Applications are Driving Traffic Patterns in Cloud Networking
As we enter the second half of 2010, I sense that an architectural shift in data center environments has begun replacing traditional constructs. Traffic Patterns are rapidly shifting from the traditional North-South client server model to an East-West server to server. As this shift occurs, it is even more important to assess the impact of application performance due to network latency. The nature of resources and applications are more dynamic and dependent upon workloads and user access which require a more vertical application focus in networking to handle application performance.
Two architectures have emerged to solve this. Arista 7100 cut through switches and Arista 7500/7048T series VOQ switches.
Dynamic Buffer Allocation for Symmetric Applications
For latency sensitive environments, “cut through” switching is deployed that is measured in the sub-microseconds, and offering the lowest latency with minimal buffers at a port level to guarantee real time traversal of information. This is an ideal architecture for “leaf” and low latency designs with symmetric traffic patterns. Occasionally, traffic patterns can occur which exhibit unique sub-microsecond short bursts commonly referred to as “Microbursts”. It is a sudden traffic load that may occur briefly and is transient in nature. Recently a lot of benchmarks are being artificially generated to illustrate the dangers of micro-burst almost creating unreal fan-out environments. Arista switches are designed to smoothly handle traffic loads quite well in real world with adequate buffering as well as a Dynamic Buffering Allocation (DBA) technique that allows ports to claim additional buffer capacity.
This is most applicable in high frequency trading and gaming applications that demand ultra low latency using cut-through switching techniques with the Arista 7100 series.
Large Buffers with VOQ for Asymmetric Loads:
For heavily loaded networks, such as “spine” applications, or seamless access of storage, compute and application resources enabling scale-out across networks with lossless performance larger buffers and a VOQ (Virtual Output Queuing) is key. Web applications demanding movement of large numbers of storage, map-reduce Hadoop clusters, search or database queries are the key target. Well designed store-and-forward switching is the optimal answer to proactively manage and prevent congestion.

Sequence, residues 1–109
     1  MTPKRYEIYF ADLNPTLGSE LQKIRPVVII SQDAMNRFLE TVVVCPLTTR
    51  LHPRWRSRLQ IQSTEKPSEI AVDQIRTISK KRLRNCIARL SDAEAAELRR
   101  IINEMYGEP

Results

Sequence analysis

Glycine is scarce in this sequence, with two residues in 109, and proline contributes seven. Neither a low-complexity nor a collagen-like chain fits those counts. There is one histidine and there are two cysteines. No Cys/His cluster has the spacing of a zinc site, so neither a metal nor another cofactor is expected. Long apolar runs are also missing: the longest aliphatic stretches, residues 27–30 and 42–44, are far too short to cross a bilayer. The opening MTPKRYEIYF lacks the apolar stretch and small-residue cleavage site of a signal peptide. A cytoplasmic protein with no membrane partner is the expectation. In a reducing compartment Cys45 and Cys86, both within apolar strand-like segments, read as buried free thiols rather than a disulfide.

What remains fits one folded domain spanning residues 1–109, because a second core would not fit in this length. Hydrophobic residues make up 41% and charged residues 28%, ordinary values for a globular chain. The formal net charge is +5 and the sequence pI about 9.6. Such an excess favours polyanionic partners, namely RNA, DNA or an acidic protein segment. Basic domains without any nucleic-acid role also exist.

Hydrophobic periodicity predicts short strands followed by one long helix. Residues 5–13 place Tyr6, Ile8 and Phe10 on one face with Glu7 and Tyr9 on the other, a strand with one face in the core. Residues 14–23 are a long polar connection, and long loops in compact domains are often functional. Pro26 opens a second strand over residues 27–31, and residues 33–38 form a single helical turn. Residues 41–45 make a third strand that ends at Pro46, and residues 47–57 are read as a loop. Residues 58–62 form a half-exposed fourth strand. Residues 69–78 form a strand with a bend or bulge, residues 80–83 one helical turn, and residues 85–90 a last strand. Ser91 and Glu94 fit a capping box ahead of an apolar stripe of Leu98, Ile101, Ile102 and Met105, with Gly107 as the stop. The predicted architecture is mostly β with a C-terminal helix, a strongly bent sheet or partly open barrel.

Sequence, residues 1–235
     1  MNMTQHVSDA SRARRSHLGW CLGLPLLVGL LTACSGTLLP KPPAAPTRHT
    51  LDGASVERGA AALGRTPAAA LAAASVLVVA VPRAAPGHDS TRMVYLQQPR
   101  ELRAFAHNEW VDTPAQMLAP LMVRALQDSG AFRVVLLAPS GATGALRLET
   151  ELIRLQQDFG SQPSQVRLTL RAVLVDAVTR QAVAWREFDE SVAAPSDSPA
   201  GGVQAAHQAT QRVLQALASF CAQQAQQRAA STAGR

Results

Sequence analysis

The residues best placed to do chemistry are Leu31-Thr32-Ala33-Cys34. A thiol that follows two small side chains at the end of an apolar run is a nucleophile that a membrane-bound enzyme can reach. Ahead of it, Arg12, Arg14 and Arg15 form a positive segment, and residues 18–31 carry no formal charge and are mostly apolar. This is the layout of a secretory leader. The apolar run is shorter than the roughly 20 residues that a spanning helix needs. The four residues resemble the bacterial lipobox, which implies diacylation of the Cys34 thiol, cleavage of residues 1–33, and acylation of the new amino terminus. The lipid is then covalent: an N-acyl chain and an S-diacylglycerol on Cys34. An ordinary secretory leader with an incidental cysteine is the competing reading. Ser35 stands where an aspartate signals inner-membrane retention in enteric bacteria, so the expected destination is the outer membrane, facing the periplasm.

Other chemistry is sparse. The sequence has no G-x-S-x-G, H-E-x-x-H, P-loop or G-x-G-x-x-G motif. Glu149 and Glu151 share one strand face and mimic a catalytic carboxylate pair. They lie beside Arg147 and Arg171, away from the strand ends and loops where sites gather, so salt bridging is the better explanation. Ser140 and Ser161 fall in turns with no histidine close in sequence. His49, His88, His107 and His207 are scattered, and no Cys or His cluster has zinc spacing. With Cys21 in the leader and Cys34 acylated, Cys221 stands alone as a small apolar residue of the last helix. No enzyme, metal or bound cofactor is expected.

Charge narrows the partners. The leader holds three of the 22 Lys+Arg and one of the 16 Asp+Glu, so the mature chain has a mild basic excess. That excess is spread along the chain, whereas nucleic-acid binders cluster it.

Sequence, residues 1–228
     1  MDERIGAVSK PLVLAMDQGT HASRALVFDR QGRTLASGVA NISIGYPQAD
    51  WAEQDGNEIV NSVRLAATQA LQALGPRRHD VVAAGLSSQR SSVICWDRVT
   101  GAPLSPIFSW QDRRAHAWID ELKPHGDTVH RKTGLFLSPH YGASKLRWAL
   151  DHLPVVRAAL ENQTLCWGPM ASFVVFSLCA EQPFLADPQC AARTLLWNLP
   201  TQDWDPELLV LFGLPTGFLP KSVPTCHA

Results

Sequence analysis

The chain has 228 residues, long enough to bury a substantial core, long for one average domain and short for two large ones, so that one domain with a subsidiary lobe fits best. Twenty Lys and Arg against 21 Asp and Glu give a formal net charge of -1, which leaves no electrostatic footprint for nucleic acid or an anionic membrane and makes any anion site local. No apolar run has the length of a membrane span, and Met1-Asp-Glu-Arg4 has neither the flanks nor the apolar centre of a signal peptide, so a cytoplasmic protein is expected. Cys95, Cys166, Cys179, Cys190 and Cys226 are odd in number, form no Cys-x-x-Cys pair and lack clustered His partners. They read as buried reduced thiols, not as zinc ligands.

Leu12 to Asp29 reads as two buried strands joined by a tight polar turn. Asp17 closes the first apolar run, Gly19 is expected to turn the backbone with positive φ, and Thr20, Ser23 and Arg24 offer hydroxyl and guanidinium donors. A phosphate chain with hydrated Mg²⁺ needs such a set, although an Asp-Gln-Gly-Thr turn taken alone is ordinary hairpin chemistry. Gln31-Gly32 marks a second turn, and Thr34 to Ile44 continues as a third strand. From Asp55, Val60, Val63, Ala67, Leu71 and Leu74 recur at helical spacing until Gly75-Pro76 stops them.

Arista’s recent introduction of the Arista7500 series is a fitting example of this architecture. With unprecedented 384 wire speed L2/L3 10GE ports and the extended memory of 18+ Gigabytes of packet buffer in a single 11RU chassis, you can guarantee predictable access between all nodes. In such asymmetric cases, cycles cannot be wasted while an application waits for data to show up or indirectly by waiting for another application process and is still optimal at 4-14 microseconds latency.
Old Connectivity versus New Application Focus:
Old oversubscribed networks of the past were predicated on well-defined email (1MB) transfers treating networking as a connectivity of ports traversing North-South and latency of 100+ microseconds whereas the modern data center requires consistent performance based on more vertical application patterns with east-west traversals.
This is why Arista Networks has been suitably awarded Interop 2010’s #1 Best of Show for its flagship 7500 and also placed #1 in the Network World Test for the 7100 series this year beating out established vendors. I want to take this opportunity to thank Arista’s fans and customers for your steadfast recognition of our best of breed products as well as our architecture. As always I welcome your comments email@example.com
Tutorial on Real World Microbursts
Switching Architectures for Cloud Networking - Whitepaper
EOS Feature Summary